Hazel Ishee runs away from her hardscrabble family and their destitute existence in Appalachia at fifteen, desperate to find another life. Working in a drugstore in a nearby town, she meets the industrious Floyd, a young man from a similar background. Floyd has dreams of his own, selling machinery all over the Mississippi Delta. He eventually realizes his aspirations and is able to move his family into the upper-class neighborhood he covets. Hazel quietly struggles with her feelings of inadequacy, never sure of her own worth as an individual. Even their two sons cannot make Hazel happy; her psychological damage is only alleviated by the alcohol she drinks.
Vidaís disillusionment is of another kind. A young girl from a prominent black Delta family, Vida is made pregnant, the victim of a white man, unable to shake the disgrace to her family. Vidaís father is the local black preacher, full of fine words until faced with the reality of his daughterís predicament. Eventually, the father of Vidaís baby is appointed sheriff and wants their child gone, afraid of the damage to his reputation. It is a loss that haunts Vida as her familyís fortunes fail and she and her brother are forced to work the land they once lived on.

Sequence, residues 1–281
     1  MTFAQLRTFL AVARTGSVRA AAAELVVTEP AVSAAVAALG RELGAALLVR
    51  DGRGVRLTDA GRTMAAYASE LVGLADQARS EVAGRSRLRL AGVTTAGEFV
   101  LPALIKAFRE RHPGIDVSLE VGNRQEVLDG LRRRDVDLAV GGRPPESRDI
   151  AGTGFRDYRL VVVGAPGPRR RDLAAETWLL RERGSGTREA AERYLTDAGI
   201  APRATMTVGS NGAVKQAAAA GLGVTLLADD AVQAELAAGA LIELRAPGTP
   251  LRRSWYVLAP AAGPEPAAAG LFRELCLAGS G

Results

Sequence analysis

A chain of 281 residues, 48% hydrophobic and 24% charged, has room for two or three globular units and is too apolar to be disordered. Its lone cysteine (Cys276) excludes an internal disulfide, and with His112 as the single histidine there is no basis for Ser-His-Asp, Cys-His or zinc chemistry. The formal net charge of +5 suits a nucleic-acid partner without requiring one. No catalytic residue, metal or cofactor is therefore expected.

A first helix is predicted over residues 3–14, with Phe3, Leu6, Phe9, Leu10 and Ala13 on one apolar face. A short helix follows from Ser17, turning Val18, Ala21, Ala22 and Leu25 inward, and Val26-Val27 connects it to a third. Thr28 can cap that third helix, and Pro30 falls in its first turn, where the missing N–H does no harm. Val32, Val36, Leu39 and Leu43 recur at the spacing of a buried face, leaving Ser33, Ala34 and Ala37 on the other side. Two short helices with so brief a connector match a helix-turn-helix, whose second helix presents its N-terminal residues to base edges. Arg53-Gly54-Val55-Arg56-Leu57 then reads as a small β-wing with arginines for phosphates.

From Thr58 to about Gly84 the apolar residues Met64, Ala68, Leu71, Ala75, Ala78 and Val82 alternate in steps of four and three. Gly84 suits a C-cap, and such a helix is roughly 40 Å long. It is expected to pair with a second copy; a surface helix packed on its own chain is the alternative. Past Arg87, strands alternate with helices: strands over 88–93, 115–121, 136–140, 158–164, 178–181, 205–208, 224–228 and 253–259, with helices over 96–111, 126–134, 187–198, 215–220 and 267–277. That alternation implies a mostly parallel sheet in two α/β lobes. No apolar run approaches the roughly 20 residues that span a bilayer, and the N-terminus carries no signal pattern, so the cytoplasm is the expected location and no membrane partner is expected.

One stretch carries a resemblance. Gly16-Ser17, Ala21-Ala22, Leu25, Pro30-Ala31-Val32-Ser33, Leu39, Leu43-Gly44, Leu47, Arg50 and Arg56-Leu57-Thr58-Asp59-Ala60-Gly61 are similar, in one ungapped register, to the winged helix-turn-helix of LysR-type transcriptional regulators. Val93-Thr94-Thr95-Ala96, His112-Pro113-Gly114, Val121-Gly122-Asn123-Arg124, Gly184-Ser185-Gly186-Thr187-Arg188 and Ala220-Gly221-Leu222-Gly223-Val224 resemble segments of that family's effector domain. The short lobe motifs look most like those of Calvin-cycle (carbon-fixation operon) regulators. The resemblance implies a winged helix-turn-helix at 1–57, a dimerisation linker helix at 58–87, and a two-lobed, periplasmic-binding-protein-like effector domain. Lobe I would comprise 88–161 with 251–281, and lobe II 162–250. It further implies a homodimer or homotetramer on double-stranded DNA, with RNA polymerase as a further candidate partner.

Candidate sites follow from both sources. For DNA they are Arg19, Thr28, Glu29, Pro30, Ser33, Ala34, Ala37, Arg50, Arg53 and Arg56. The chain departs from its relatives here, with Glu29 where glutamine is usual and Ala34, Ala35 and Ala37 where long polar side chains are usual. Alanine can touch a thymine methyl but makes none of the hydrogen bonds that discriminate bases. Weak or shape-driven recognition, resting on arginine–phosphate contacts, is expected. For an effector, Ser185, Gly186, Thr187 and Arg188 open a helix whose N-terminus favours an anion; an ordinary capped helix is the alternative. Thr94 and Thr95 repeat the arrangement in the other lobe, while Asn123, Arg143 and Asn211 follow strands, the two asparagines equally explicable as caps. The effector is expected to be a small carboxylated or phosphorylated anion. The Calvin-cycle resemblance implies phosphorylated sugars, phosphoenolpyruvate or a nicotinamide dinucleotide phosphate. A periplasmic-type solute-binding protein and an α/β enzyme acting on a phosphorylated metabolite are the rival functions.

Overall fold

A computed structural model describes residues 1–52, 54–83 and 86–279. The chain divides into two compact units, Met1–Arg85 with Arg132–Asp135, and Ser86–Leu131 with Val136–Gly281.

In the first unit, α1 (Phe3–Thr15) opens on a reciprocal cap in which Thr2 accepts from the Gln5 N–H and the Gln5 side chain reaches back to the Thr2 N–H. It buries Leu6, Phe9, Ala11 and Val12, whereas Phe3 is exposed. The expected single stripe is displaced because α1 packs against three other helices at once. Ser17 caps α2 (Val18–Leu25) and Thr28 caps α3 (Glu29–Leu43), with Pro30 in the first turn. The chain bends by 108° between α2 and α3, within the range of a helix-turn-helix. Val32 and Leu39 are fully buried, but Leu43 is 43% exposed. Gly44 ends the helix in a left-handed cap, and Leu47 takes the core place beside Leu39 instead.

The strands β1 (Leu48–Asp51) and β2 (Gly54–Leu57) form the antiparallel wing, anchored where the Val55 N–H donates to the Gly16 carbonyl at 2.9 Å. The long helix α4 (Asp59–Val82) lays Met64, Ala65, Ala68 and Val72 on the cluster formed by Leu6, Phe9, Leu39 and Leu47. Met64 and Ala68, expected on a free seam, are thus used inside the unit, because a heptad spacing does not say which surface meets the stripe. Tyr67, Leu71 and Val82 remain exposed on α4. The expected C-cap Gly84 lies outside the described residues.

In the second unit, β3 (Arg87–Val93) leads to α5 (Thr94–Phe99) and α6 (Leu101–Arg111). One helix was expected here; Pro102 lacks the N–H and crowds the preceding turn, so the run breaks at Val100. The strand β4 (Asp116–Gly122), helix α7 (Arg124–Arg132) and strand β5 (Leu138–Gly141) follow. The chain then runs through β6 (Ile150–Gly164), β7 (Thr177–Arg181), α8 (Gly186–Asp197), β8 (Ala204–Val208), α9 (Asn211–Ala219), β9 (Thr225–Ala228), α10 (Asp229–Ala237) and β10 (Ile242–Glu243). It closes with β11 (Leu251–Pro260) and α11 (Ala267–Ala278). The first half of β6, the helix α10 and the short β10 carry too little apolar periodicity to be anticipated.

As the years pass, Vida is driven by her need for information about the fate of her child. Even the father of her son offers some opportunity, a smell, a scant memory, anything to assuage the longing of a brokenhearted mother. Hired as a maid to the incompetent Hazel, who has also lost a son, Vidaís main duty is to give Hazel the medication that sends Hazel spinning into oblivion every morning, but keeps her sober. Their mutual need is the closest thing either has to friendship. Meanwhile, Hazelís remaining son lurks in the shadows, spying on Vida and yearning for his mother.
One constant of human nature is its unpredictability, and Jonathan Odell offers up a few twists and turns to stand the Mason-Dixon Line on its head as the civil rights movement comes to the South. Just as the movement begins, momentous changes happen for Vida and Hazel as the two enemies eye each other warily. Bone-tired and heartsick, each of them has struggled alone for so long, they barely know how to act. Black and white donít seem as important as humanity, after all, for these two women.
The author is well-intentioned, using local dialect and the colorful phrasing of the Delta, as well as the history of racial abuse and rampant discrimination that plagues the area. The View from Delphi reminds me of Tademyís Cane River, with the same kind of folksy dialogue; to my mind, there are far too many of these rambling conversations. As the authorís work matures, perhaps he will rely more on description and less on dialect. But this novel will have a following, with its strange assortment of eccentric characters and the historical import of the civil rights movement.